Friday, September 29, 2006

Making plans . . . it's a start

For the first time in a few weeks, I've actually felt motivated to write. Of course, feeling motivated, and succumbing to the impulse are very different things. As usual, I have been able to thwart my naissant urges.

Why do I fight writing? It's as though I'm fighting against success as much as failure.

Well, at least I've tentatively decided which story I want to write. Sort of -- maybe. It may end up that I merge two stories which will help to create layers and subplots. I don't think I'm ready for multiple perspectives and storylines, but I think I can manage concurrent converging events that will centre around two lead characters.

There will be more time for writing over the next few weeks. I thought of doing my plotting etc. during October, and then maybe doing the NaNoWrMo in November. I had planned to do it last year, but I didn't write a word. I set up for it and then just didn't start.

It's been like that for years -- putting off and putting off.
Then, I read books that are bland and boring, or innane and childish and I wonder how these people can be published writers. I used to stand in judgement of their writing skills, but now I realize that when I don't finish anything -- I can't even compare myself to them. They have dared to dream, and to complete what they started.

The best laid plans will stay blueprints without action. I know that, and yet I blog instead of writing. Sigh . . . .

Sunday, September 17, 2006

It's ponderous

How bad is my commitment to writing when even my pondering gets put off?

Earlier this year I bought four binders and I printed off every bit of writing on each of my partial novels. I used pretty coloured Post-It Notes to flag pages, indicating scene, character or plot point. Each chapter or part there of was set out chronologically, with duplicate and re-worked scenes highlighted in bright fuscia, green or yellow depending on its quality.

Most of that writing was done two or three years ago or longer. Some of it is very good. Compelling, structured well, interesting, funny . . . all in all, very readable. As I looked it over, I wondered how I ever got to the point where, rather than actually put fingers to keyboard or pen to page, I'd rather think about writing and fool myself that this organizational stuff has something to do with writing.

But, at least back then I was doing something. Reading my own words served to motivate me and I started thinking about writing again, but the thinking never really moved forward to concrete production.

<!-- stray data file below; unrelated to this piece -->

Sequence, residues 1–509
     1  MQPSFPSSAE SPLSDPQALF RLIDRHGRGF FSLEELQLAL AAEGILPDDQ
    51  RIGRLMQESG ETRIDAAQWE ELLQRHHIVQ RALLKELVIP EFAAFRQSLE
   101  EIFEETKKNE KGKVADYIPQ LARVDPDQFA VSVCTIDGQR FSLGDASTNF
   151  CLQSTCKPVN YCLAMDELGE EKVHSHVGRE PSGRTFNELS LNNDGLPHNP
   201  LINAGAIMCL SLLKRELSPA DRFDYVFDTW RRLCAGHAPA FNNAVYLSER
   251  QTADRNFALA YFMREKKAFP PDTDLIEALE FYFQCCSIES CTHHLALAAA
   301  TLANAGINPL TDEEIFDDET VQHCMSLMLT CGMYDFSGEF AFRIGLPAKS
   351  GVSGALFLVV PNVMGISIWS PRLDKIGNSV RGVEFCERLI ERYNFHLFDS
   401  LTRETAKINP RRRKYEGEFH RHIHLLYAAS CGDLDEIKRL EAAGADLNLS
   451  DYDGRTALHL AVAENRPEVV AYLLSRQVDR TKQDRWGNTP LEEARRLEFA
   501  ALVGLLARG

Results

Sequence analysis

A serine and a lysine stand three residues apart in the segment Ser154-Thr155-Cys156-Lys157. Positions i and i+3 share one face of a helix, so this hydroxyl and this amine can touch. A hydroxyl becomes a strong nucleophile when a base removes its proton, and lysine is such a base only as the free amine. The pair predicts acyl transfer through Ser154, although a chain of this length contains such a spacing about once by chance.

When I'm drifting off to sleep at night bits of stories waft in and out of my consciousness and I try to grasp them. I promise myself that I'll remember them when I wake up and put them down on paper. But, if I remember them (which I sometimes have), I seldom bother to find a pen or rush to the computer.

I wonder if it's writer's block or lack of confidence. It isn't that I haven't any ideas. Often I'm thinking of scenes or dialogue. If I'm thinking of them, I can't be blocked. But then when I have made my way to the computer to set them down on the word processor, it's like I freeze.

Well, at least I can still write about writing -- or am I writing about not writing?

Oh well. At least I'm still thinking.

Wednesday, September 13, 2006

A Beginning

They say: "Just write . . ." or "write what you know". And apparently that's all you have to do to become a writer.

Well, I've been just writing for several years, and I have recently realized that I know nothing. That leaves me in a bit of a bind.

So far in the eight years I've been slogging away at this sodden keyboard, I've written three or four unfinished novels, several incomplete short stories, and a few partial poems. The writing doesn't seem to be the problem, the knowing things does.

My own background is a snore, and as I develop plots that take me away from the hum-drum of my life, I find myself constantly worried that my fiction will be unbelievable. I don't know enough about anything to make it seem real. Even the things I do every day, in my stumbling words, seem preposterous.

At least that's my excuse not to write. This time.

Sometimes I'm too busy, but I can't always sustain that one. Other times, I'm writing and then all of a sudden I find myself playing minesweeper or solitaire. It just happens. Then there'll be days when I know that I know nothing and I decide that research is the answer. Of course, research is actually the question -- the answer never seems to come.

I shall step away from the keyboard now and ponder my unwritten novel.

Tomorrow I won't procrastinate. I promise.